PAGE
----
A man accused of fatally shooting his teenage daughters in Irving in 2008 hid inside a secret room of his family's house in Justin to elude arrest, according to FBI agents' testimony Monday.
Yaser Said is charged with capital murder in the deaths of his daughters, 17-year-old Sarah and 18-year-old Amina Said. According to prosecutors, Yaser Said shot Sarah shot nine times and shot Amina twice inside a taxi near an Irving hotel on the night of Jan. 1, 2008. After the shooting, Said was on the FBI's 10 Most Wanted list, but eluded arrest for 12 years, authorities said.
Some family members testified the girls were victims of "honor killings" because their father thought they had brought shame to the family. The girls were dating people who were not Muslim, and the girls' mother, Patricia Owens, testified last week that Yaser Said had threatened the girls.
Monday marked the fifth day of the trial, which is being held in Criminal District Court No. 7 in Dallas. State prosecutors rested their case in the trial at about 11 a.m. Monday.
Said was set is expected to testify in his defense Monday afternoon.
You can watch the trial live here:
The FBI had previously been tipped off about Said's whereabouts in 2017, but he disappeared again until August 2020, according to FBI testimony. The FBI knew Said had family members who lived in North Texas in cities that included Euless, Bedford, Haltom City and Southlake, an FBI agent testified Friday. Financial records tipped authorities off that the Said family had a home in Justin.
The FBI started surveillance of the Said family and tracked Said's son and one of his brothers to a house in Justin that the Said family was leasing, FBI agent Randall White testified Monday. One night, FBI investigators saw the shadow of a figure walk across the house. Authorities also picked up a trash bag that Said's family members had dumped in Southlake, as if trying to hide its contents, White said. When authorities opened the bag, they found food, cigarette butts and other trash.
On Aug. 26, 2020, a SWAT team set up around the house and set flash bangs off in the back yard to dissuade Said from escaping that way. Said surrendered to the SWAT team, and was arrested.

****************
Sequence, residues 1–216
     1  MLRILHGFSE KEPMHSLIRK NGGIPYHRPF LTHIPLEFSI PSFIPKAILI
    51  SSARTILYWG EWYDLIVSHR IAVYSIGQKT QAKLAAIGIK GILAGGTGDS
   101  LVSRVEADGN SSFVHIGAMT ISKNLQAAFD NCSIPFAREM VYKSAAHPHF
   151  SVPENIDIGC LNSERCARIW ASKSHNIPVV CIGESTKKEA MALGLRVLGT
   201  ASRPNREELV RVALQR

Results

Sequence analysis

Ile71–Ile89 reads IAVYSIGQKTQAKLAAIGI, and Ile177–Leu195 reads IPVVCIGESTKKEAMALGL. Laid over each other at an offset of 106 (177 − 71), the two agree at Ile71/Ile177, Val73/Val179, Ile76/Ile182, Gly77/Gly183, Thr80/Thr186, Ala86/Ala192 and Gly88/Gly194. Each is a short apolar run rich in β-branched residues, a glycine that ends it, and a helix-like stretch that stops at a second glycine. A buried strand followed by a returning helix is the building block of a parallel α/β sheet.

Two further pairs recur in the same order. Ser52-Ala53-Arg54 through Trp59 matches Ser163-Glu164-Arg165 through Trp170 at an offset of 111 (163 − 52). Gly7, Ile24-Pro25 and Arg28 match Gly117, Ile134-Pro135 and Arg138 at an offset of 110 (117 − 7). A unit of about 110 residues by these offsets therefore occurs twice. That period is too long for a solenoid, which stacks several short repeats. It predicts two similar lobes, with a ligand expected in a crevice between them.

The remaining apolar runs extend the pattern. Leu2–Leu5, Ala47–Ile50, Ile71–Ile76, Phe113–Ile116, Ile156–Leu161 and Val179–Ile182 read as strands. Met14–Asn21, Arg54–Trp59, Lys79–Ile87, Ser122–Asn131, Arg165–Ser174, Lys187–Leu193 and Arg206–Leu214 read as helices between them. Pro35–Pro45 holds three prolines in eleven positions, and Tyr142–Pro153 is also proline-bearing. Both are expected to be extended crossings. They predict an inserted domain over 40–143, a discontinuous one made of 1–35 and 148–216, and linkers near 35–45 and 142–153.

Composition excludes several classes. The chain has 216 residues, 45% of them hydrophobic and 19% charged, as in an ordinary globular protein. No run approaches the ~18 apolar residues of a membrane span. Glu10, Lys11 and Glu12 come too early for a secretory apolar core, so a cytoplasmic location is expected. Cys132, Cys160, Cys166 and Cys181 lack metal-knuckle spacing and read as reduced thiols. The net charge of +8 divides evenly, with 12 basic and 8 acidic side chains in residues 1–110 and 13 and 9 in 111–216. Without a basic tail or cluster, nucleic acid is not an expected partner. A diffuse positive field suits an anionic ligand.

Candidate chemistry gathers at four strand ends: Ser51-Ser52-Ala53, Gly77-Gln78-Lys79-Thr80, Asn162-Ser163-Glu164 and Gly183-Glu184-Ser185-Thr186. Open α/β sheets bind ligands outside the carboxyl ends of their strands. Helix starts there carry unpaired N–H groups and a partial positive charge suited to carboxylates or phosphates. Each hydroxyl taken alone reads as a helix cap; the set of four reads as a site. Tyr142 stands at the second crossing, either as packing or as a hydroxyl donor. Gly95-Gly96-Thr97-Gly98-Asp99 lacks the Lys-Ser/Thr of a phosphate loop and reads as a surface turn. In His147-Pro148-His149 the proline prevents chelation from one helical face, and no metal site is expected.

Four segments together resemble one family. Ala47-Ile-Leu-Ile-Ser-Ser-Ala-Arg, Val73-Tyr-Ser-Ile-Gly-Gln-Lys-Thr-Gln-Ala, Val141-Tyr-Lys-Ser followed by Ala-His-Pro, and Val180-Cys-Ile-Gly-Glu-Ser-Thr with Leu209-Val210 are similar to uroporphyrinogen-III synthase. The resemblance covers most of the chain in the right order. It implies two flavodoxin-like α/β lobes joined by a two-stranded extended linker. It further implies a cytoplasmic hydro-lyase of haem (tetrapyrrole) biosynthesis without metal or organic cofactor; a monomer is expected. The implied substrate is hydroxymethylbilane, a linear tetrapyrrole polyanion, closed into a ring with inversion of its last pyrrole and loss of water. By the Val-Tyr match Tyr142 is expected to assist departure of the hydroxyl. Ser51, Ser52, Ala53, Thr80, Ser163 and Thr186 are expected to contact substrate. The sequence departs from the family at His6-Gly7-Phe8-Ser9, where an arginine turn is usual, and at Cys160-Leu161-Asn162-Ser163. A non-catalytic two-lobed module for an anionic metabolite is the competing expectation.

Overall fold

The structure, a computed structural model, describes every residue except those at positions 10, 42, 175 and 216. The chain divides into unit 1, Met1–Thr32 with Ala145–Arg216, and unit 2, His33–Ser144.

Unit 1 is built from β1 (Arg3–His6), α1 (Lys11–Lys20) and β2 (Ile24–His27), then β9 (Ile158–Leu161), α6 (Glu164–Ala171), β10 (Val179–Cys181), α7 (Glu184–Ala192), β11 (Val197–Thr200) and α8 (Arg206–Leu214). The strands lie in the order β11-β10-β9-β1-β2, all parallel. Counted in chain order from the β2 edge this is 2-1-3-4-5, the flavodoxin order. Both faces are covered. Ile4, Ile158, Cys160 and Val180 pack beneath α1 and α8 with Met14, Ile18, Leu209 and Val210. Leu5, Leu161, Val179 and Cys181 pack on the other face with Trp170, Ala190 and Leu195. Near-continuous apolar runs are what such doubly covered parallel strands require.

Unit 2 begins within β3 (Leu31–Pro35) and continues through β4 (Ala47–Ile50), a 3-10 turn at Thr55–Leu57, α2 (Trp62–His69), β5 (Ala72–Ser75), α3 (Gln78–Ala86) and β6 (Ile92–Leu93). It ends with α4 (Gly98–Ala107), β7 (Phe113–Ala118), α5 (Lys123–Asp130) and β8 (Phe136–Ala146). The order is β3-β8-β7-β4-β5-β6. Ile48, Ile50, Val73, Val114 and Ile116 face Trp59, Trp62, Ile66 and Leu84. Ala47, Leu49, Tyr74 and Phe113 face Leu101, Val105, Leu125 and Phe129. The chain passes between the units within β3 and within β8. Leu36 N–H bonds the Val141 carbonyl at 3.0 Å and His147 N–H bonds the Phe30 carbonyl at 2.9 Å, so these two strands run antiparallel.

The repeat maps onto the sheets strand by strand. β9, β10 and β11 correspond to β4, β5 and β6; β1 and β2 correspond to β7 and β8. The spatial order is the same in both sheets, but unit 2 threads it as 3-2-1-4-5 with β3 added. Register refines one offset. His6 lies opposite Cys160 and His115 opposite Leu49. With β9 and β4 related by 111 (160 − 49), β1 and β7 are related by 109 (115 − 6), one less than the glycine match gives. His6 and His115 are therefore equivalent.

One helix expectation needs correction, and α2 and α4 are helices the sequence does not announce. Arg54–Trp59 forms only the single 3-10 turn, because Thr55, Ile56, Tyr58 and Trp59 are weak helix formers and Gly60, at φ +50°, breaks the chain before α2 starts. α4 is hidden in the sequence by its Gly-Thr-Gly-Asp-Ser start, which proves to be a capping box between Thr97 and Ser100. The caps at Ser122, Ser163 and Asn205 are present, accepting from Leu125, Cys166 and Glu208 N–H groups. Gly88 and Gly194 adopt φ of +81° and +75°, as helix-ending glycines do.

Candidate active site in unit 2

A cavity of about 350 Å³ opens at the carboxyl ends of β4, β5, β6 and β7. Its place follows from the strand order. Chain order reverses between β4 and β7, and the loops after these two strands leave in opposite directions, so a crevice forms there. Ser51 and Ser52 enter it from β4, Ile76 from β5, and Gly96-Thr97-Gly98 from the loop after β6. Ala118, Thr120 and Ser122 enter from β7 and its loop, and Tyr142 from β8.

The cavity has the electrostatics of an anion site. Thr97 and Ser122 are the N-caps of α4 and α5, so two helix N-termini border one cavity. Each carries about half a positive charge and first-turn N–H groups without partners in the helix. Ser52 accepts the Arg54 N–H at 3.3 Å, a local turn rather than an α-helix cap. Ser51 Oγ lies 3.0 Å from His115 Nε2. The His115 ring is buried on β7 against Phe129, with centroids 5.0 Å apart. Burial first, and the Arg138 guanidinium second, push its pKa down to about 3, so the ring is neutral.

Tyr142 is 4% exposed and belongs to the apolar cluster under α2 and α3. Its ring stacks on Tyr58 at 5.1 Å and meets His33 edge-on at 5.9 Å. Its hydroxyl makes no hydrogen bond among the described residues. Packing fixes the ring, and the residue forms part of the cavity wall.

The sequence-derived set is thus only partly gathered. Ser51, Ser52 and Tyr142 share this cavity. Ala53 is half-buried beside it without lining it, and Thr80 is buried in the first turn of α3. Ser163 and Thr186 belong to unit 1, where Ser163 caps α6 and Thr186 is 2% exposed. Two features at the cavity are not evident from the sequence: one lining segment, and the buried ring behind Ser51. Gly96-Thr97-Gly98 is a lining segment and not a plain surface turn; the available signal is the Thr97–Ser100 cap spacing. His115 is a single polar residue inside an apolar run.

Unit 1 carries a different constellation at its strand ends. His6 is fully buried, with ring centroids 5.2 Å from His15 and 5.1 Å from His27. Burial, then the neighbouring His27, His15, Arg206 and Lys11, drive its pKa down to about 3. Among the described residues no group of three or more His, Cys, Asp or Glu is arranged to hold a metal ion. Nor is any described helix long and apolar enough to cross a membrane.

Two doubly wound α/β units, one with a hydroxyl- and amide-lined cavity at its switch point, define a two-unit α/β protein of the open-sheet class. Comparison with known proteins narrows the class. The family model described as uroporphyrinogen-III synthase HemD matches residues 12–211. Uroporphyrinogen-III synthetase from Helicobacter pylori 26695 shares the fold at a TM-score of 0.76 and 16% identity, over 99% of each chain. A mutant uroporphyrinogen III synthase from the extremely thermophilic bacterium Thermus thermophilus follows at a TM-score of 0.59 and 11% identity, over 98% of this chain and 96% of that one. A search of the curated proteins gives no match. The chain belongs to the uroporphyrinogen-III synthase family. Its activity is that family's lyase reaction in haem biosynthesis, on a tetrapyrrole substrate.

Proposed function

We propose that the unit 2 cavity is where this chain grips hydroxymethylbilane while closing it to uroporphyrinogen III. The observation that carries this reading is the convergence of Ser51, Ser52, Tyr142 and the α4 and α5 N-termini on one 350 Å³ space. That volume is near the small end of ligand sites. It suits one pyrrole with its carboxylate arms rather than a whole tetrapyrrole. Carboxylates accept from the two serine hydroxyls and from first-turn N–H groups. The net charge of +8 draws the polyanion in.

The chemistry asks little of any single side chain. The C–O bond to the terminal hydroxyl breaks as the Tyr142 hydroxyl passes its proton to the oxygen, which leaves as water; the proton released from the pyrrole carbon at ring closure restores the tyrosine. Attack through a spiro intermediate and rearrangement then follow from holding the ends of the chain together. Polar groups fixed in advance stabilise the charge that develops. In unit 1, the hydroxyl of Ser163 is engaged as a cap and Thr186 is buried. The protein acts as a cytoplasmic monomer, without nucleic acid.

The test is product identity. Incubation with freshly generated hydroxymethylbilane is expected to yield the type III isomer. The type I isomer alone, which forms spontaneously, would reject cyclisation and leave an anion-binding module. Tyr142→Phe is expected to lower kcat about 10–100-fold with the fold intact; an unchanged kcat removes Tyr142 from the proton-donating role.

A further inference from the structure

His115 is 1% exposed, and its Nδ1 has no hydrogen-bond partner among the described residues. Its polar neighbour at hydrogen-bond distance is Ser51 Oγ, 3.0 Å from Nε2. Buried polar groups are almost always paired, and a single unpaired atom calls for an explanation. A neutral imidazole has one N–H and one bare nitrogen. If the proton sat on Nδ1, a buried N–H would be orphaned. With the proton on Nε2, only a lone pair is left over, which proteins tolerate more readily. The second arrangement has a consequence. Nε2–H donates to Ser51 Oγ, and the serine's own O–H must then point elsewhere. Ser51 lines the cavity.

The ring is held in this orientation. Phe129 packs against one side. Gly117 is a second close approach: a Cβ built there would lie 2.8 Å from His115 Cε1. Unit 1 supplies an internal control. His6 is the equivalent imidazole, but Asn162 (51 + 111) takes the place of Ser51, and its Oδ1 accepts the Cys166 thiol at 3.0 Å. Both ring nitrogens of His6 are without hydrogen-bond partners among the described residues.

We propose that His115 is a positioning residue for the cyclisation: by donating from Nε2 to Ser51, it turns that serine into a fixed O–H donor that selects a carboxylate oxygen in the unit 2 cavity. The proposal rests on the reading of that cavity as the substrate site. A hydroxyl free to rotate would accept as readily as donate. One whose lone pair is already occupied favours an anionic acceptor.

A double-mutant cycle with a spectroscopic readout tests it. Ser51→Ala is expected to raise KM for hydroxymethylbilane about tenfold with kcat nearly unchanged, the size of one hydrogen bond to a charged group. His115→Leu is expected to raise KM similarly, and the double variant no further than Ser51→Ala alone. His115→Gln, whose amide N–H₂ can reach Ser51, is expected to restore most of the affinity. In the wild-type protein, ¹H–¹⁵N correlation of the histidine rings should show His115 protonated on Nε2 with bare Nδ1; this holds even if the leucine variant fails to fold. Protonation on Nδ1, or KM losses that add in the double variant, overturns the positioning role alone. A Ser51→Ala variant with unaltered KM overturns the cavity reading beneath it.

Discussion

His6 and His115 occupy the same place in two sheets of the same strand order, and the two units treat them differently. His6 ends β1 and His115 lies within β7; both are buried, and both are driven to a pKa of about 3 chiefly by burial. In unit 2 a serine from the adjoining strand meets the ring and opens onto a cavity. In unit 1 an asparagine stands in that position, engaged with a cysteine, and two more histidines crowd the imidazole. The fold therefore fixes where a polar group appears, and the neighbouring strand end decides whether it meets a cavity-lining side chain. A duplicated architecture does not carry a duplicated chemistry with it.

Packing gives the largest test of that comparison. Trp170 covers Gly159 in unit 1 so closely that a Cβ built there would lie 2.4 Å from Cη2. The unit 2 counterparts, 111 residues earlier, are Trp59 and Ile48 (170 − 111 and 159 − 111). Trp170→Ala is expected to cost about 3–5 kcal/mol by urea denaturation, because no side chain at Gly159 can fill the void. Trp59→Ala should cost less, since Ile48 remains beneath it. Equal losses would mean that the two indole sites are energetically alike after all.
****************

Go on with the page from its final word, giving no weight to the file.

When agents searched the home, they found bags of concrete and evidence of "a construction project" inside, White said. Photos of the inside and outside of the Justin home were shown to the courtroom Monday. The first set of photos showed a single-story white home. A photo of the back exterior of the house showed a covered patio, the walls of which were made up of half concrete and half white lattice.
Inside the home, investigators found a cut-out into the wall that was hidden by a plank of plywood, White said. He described this as the entrance to a "hidden room that was built into the house." Inside the room, investigators found signs someone had been living there.
In photos shown in court, a TV, couch and personal items filled the small space. The rest of the house looked well-lived in, White said. A fridge was stocked with food and the home's two bedrooms had suitcases filled with clothes and blanket-covered beds. Photos showed a cluttered house in a state of disarray, with broken furniture and trash scattered throughout.
Agents did not say how long they believe Said lived in the house.
Yaser Said has sent several letters to the judge in Dallas proclaiming his innocence, according to WFAA-TV.
In one letter he wrote, "I was not happy about my kids' dating activity. But, I did not do the killings or any plan to hurt them," WFAA reported.
Prosecutors are not seeking the death penalty. If convicted, Said will be automatically sentenced to life without parole.
Said pleaded not guilty on Tuesday on the first day of testimony in his trial.
His son and brother have been sentenced to prison for hiding him.
This week, defense attorneys have argued that Yaser Said was targeted as a suspect because he is a Muslim and that evidence indicated the investigation was botched. On Friday, Said's defense attorney continued to raise doubts about the investigation, questioning a former Irving police detective on seeking other suspects in the killings.
Retired Irving Detective Joe Henning testified that the girls' boyfriends, who went to Irving police shortly after the deadly shooting on Jan. 1, 2008, were not suspects, even though Yaser Said's son told police that they needed to be interviewed.
Defense attorneys also have noted that there were no fingerprints, no weapon, and no bloody clothes or footprints found in the investigation.
On Christmas Day in 2007, the girls and their mother fled the family's Lewisville home because they feared Yaser Said, Owens testified last week. But she and the girls returned back to their home by Jan. 1, 2008.
That night, Yaser Said told his wife he was taking the girls out to dinner, but he didn't invite her, she said. A few hours later, the girls died from multiple gunshot wounds as they sat in Said's taxi near the Omni Mandalay Hotel.